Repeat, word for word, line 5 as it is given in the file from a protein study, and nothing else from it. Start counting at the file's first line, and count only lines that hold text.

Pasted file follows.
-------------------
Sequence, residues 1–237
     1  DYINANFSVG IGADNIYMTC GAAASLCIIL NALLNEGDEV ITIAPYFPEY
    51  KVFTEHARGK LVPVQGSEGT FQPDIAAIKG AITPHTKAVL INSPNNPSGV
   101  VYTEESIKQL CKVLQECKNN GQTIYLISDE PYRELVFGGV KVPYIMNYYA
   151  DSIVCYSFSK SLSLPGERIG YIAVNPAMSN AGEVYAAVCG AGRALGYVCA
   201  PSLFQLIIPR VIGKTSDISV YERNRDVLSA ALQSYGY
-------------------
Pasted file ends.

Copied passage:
   151  DSIVCYSFSK SLSLPGERIG YIAVNPAMSN AGEVYAAVCG AGRALGYVCA